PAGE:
After a “heart-wrenching” closed-door meeting with Asian American community leaders, Biden implicitly criticized the rhetoric from former President Donald Trump and his allies blaming China and foreigners for a disease that’s killed more than 500,000 Americans and sent the economy reeling.
“Whatever the motivation, we know this: Too many Asian Americans have been walking up and down the streets and worrying,” he said. “They’ve been attacked, blamed, scapegoated and harassed. They’ve been verbally assaulted, physically assaulted. And killed. It’s been a year of living in fear for their lives.”
He added: “We’re learning again what we’ve always known: Words have consequences.”
Friday’s presidential visit was initially planned last week as a celebration of the far-reaching coronavirus aid package, which includes $1,400 direct checks for many Americans, extended unemployment benefits, new child tax credits and billions in new spending for schools, public health infrastructure and local governments.
The Atlanta leg of the victory lap was to highlight Georgia’s role in the sweeping measure, which couldn’t have passed without the upset victories of Democrats Jon Ossoff and Raphael Warnock over GOP Senate incumbents in January runoffs, flipping control of the chamber.
But Biden refocused his trip after Tuesday’s shootings, instead holding a mournful meeting with state legislators and advocates from the Asian American and Pacific Islander community about the surge of anti-Asian hate incidents in Georgia and across the nation since the pandemic.
The group Stop AAPI Hate recorded nearly 3,800 hate incidents across the country against Asian Americans between March 2020 and February. More than two-thirds of those instances involved verbal harassment, and women reported hate incidents 2.3 times more often than men.
“They heard the heartbreak, fear and anger of the Asian American community and shared our pain,” state Rep. Sam Park, a Gwinnett County Democrat, said of the private meeting with Biden and Vice President Kamala Harris. “They reminded us that we are all in this together, that we are not alone and that together we shall overcome.”
Biden said the grieving families of the victims were left with “broken hearts and unanswered questions” that should force Americans to confront their role in the rise in anti-Asian hate crimes fueled by detestable rhetoric.
“Because our silence is complicity. We cannot be complicit,” he said. “We have to speak out. We have to act.”
‘A harm against all of us’
Harris, the first woman and first Asian American to serve in the role, also delivered a passionate condemnation of racism, sexism and xenophobia that have factored into the attacks and deepened fears about rising anti-Asian hatred in the U.S.
“Everyone has the right to go to work, to go to school, to walk down the street and be safe, and also, the right to be recognized as an American — not as the other, not as them, but as us,” she said. “A harm against any one of us is a harm against all of us.”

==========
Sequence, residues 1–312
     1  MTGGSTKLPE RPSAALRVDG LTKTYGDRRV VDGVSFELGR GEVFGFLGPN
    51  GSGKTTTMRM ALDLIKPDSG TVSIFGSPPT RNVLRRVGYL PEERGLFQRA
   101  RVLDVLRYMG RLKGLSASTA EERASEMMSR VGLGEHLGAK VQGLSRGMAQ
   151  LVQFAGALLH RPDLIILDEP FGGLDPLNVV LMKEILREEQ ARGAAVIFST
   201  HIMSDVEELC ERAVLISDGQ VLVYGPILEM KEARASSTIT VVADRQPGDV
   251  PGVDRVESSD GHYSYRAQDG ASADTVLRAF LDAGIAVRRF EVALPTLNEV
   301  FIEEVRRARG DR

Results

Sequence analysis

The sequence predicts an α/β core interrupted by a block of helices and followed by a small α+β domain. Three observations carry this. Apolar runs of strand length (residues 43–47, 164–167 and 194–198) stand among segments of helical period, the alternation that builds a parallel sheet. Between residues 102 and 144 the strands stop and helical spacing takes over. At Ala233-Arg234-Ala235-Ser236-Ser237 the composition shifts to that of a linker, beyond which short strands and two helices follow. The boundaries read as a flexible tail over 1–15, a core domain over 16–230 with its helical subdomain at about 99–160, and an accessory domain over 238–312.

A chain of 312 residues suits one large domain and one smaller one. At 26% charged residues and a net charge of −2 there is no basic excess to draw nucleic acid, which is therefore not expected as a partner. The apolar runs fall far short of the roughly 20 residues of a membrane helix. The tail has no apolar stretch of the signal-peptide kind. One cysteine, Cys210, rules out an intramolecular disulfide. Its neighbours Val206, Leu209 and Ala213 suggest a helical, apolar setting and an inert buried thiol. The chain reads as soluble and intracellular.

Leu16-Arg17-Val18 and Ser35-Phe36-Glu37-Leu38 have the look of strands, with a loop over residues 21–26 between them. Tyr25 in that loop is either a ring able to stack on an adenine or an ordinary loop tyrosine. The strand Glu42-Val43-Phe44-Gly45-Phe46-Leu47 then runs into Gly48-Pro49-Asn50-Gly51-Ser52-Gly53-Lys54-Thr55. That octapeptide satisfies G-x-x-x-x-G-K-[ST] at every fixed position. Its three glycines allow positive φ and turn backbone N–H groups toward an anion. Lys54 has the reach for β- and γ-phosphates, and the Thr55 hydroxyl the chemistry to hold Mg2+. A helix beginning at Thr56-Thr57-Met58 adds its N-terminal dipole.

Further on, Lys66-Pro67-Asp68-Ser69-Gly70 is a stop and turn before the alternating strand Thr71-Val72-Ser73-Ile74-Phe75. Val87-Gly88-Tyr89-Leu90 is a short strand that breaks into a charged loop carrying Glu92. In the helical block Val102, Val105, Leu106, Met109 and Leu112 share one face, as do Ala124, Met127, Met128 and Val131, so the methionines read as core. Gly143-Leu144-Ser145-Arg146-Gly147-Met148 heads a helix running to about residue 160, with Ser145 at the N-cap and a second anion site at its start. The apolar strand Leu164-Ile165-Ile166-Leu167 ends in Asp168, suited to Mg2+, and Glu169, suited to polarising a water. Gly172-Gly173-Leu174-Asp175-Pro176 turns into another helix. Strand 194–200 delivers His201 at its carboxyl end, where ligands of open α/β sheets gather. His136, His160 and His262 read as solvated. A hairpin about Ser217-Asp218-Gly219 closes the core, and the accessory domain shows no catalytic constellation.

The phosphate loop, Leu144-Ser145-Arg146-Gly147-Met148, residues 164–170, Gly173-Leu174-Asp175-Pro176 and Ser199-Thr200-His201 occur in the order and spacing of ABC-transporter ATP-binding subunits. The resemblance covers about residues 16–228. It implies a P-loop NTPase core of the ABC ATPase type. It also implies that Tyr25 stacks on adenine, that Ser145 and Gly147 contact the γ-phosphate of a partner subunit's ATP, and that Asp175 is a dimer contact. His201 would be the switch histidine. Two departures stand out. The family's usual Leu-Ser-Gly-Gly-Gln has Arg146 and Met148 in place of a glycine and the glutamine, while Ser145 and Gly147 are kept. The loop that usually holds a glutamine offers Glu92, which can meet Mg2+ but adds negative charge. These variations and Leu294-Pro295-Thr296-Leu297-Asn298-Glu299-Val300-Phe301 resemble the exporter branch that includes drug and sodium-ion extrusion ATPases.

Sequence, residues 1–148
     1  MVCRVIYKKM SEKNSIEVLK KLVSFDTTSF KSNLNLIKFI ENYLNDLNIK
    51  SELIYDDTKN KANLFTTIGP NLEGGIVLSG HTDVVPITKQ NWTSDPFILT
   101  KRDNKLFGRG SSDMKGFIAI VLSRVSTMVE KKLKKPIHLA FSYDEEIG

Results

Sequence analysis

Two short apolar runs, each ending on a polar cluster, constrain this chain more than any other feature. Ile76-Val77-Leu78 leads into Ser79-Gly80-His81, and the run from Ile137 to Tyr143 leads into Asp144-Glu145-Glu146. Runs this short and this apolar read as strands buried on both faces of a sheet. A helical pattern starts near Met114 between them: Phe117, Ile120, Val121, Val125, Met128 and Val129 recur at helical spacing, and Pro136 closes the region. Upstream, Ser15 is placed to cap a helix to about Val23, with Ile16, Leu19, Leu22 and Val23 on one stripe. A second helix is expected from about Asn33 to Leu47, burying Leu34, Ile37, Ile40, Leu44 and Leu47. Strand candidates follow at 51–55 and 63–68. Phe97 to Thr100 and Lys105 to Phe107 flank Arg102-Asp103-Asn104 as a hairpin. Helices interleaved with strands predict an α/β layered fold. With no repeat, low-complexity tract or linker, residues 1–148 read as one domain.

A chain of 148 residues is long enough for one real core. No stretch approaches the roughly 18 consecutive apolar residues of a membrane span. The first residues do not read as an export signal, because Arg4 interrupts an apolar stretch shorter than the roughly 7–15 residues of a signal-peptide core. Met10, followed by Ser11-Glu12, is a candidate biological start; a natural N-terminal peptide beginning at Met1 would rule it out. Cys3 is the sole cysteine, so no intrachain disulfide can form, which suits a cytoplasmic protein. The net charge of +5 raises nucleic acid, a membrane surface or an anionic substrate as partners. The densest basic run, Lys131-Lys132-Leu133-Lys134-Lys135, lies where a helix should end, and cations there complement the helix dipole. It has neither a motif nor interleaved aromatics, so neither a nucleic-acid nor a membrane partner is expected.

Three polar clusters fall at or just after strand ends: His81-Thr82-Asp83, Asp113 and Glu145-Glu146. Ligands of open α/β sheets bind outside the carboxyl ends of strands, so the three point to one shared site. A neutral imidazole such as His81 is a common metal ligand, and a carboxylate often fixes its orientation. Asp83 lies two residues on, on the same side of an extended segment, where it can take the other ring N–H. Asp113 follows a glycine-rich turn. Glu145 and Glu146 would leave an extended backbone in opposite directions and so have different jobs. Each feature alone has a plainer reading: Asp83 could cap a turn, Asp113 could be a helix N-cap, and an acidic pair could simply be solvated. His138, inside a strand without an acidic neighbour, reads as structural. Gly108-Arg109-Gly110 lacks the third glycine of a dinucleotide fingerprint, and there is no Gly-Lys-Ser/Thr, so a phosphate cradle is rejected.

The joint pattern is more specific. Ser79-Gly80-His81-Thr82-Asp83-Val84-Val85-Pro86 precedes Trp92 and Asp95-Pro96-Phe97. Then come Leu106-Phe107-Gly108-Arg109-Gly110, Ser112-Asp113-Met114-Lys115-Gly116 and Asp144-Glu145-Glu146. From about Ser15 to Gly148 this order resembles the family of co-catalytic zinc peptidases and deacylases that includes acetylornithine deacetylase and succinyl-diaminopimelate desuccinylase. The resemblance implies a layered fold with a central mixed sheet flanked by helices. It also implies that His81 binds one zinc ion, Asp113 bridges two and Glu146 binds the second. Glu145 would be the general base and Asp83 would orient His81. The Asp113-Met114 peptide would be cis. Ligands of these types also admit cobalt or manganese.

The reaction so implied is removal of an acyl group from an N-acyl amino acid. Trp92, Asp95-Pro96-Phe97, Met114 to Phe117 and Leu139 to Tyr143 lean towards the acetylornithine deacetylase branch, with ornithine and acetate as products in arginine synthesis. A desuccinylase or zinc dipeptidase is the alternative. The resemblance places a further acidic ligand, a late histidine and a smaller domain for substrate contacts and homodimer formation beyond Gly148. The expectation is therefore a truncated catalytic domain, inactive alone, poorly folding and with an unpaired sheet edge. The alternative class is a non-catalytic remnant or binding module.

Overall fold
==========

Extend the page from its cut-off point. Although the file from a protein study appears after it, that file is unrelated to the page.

Authorities have charged a 21-year-old Woodstock man with the killings after authorities tracked his SUV to rural Georgia. Though authorities say he claimed the attacks were not motivated by racism, community leaders say it can’t be ignored that Asian Americans were targeted.
Before they gathered with local leaders, Biden and Harris visited the Atlanta headquarters of the U.S. Centers for Disease Control and Prevention, where they thanked scientists for waging an ongoing battle to contain the spread of COVID-19.
Declaring that “science is back,” Biden warned that the outbreak could be a harbinger of what’s to come in an increasingly globalized culture. His remarks drew a contrast from Trump’s visit to the CDC a year earlier, when he downplayed the threat of the virus and maintained that it was under control.
Attendees at Friday’s meeting praised Biden for his motivational words.
“I felt joyful and, frankly, grateful,” said Dr. Carlos del Rio, an Emory University public health expert.
Though the trip was refocused to center on the shooting tragedy, with plans for a campaign-style rally scrapped, Biden touched on politics in praising Georgia voters for the runoff sweeps that enabled him to pursue a far more ambitious legislative agenda.
And he criticized Republican-backed efforts to increase voting restrictions in Georgia, which include measures that would severely limit who can vote by mail and place restraints on weekend voting.
“We’re in a fight again. It’s a fight we need to win. Because if anyone ever doubted that voting mattered, Georgia just proved it,” the president said. “If anyone ever wondered if one vote can make a difference, Georgia just proved it 11,779 times.”
As Biden spoke, hundreds of Emory University students gathered around the broad Quadrangle, cheering as Ossoff, Warnock, Stacey Abrams and others ducked into the grand Convocation Hall to meet privately with Biden.
After they emerged from their meeting with Biden, Ossoff and Warnock were greeted as conquering heroes by the throngs of students. Republicans have framed the COVID-19 relief package as wasteful spending, but the two U.S. senators labeled it as transformative progressive policy that couldn’t have happened without their victories.
“Know that as this agenda goes forward,” Warnock said, “it’s because of Georgia.”